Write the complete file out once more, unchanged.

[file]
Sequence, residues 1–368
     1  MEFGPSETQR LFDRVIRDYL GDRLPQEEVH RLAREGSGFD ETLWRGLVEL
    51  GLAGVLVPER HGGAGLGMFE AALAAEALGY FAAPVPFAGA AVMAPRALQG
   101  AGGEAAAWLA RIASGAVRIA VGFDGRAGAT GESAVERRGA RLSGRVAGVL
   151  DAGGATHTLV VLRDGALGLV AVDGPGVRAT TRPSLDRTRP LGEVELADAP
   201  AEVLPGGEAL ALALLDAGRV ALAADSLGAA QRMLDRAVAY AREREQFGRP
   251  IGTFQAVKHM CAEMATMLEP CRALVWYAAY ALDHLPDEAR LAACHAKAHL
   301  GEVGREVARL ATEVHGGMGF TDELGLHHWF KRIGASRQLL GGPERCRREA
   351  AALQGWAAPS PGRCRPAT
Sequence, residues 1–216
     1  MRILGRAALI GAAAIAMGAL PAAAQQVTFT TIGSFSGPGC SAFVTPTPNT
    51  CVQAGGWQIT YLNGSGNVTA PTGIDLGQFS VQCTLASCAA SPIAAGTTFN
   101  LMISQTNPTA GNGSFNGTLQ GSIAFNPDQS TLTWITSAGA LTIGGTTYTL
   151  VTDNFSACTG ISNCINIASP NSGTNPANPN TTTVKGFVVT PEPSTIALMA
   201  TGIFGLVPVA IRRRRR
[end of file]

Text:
Sequence, residues 1–368
     1  MEFGPSETQR LFDRVIRDYL GDRLPQEEVH RLAREGSGFD ETLWRGLVEL
    51  GLAGVLVPER HGGAGLGMFE AALAAEALGY FAAPVPFAGA AVMAPRALQG
   101  AGGEAAAWLA RIASGAVRIA VGFDGRAGAT GESAVERRGA RLSGRVAGVL
   151  DAGGATHTLV VLRDGALGLV AVDGPGVRAT TRPSLDRTRP LGEVELADAP
   201  AEVLPGGEAL ALALLDAGRV ALAADSLGAA QRMLDRAVAY AREREQFGRP
   251  IGTFQAVKHM CAEMATMLEP CRALVWYAAY ALDHLPDEAR LAACHAKAHL
   301  GEVGREVARL ATEVHGGMGF TDELGLHHWF KRIGASRQLL GGPERCRREA
   351  AALQGWAAPS PGRCRPAT
Sequence, residues 1–216
     1  MRILGRAALI GAAAIAMGAL PAAAQQVTFT TIGSFSGPGC SAFVTPTPNT
    51  CVQAGGWQIT YLNGSGNVTA PTGIDLGQFS VQCTLASCAA SPIAAGTTFN
   101  LMISQTNPTA GNGSFNGTLQ GSIAFNPDQS TLTWITSAGA LTIGGTTYTL
   151  VTDNFSACTG ISNCINIASP NSGTNPANPN TTTVKGFVVT PEPSTIALMA
   201  TGIFGLVPVA IRRRRR